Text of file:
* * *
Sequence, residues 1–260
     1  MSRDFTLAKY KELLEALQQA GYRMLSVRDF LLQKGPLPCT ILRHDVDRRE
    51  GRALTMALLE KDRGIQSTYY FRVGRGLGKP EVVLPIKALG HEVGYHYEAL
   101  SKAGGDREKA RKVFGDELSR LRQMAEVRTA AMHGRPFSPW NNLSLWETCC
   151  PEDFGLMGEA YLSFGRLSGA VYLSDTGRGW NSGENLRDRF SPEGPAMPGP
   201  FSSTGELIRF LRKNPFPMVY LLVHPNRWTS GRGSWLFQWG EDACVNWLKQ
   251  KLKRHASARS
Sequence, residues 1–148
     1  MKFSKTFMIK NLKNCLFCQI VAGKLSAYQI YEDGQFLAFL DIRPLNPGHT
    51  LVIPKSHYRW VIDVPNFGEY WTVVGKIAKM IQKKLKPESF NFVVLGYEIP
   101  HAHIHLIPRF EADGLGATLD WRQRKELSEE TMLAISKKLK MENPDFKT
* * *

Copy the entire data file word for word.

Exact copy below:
Sequence, residues 1–260
     1  MSRDFTLAKY KELLEALQQA GYRMLSVRDF LLQKGPLPCT ILRHDVDRRE
    51  GRALTMALLE KDRGIQSTYY FRVGRGLGKP EVVLPIKALG HEVGYHYEAL
   101  SKAGGDREKA RKVFGDELSR LRQMAEVRTA AMHGRPFSPW NNLSLWETCC
   151  PEDFGLMGEA YLSFGRLSGA VYLSDTGRGW NSGENLRDRF SPEGPAMPGP
   201  FSSTGELIRF LRKNPFPMVY LLVHPNRWTS GRGSWLFQWG EDACVNWLKQ
   251  KLKRHASARS
Sequence, residues 1–148
     1  MKFSKTFMIK NLKNCLFCQI VAGKLSAYQI YEDGQFLAFL DIRPLNPGHT
    51  LVIPKSHYRW VIDVPNFGEY WTVVGKIAKM IQKKLKPESF NFVVLGYEIP
   101  HAHIHLIPRF EADGLGATLD WRQRKELSEE TMLAISKKLK MENPDFKT